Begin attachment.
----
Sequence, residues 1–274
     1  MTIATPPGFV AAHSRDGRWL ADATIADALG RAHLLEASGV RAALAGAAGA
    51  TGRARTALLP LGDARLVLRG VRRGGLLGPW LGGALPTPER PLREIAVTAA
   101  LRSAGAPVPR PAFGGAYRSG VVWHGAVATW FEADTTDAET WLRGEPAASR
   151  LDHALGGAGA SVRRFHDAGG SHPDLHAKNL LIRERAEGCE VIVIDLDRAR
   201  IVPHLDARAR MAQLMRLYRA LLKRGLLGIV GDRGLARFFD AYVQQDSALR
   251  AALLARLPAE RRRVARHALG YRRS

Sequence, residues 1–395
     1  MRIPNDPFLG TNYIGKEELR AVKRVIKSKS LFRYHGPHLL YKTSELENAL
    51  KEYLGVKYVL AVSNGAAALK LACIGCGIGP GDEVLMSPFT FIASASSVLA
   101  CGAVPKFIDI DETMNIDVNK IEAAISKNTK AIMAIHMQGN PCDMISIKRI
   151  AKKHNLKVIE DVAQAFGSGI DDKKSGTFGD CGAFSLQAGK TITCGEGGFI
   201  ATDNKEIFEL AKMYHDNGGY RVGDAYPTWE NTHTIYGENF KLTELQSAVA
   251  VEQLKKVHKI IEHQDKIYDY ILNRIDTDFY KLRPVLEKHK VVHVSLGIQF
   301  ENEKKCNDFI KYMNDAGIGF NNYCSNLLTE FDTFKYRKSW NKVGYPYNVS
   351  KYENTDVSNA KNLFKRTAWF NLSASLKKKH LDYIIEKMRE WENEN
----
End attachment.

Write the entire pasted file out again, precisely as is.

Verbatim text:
Sequence, residues 1–274
     1  MTIATPPGFV AAHSRDGRWL ADATIADALG RAHLLEASGV RAALAGAAGA
    51  TGRARTALLP LGDARLVLRG VRRGGLLGPW LGGALPTPER PLREIAVTAA
   101  LRSAGAPVPR PAFGGAYRSG VVWHGAVATW FEADTTDAET WLRGEPAASR
   151  LDHALGGAGA SVRRFHDAGG SHPDLHAKNL LIRERAEGCE VIVIDLDRAR
   201  IVPHLDARAR MAQLMRLYRA LLKRGLLGIV GDRGLARFFD AYVQQDSALR
   251  AALLARLPAE RRRVARHALG YRRS

Sequence, residues 1–395
     1  MRIPNDPFLG TNYIGKEELR AVKRVIKSKS LFRYHGPHLL YKTSELENAL
    51  KEYLGVKYVL AVSNGAAALK LACIGCGIGP GDEVLMSPFT FIASASSVLA
   101  CGAVPKFIDI DETMNIDVNK IEAAISKNTK AIMAIHMQGN PCDMISIKRI
   151  AKKHNLKVIE DVAQAFGSGI DDKKSGTFGD CGAFSLQAGK TITCGEGGFI
   201  ATDNKEIFEL AKMYHDNGGY RVGDAYPTWE NTHTIYGENF KLTELQSAVA
   251  VEQLKKVHKI IEHQDKIYDY ILNRIDTDFY KLRPVLEKHK VVHVSLGIQF
   301  ENEKKCNDFI KYMNDAGIGF NNYCSNLLTE FDTFKYRKSW NKVGYPYNVS
   351  KYENTDVSNA KNLFKRTAWF NLSASLKKKH LDYIIEKMRE WENEN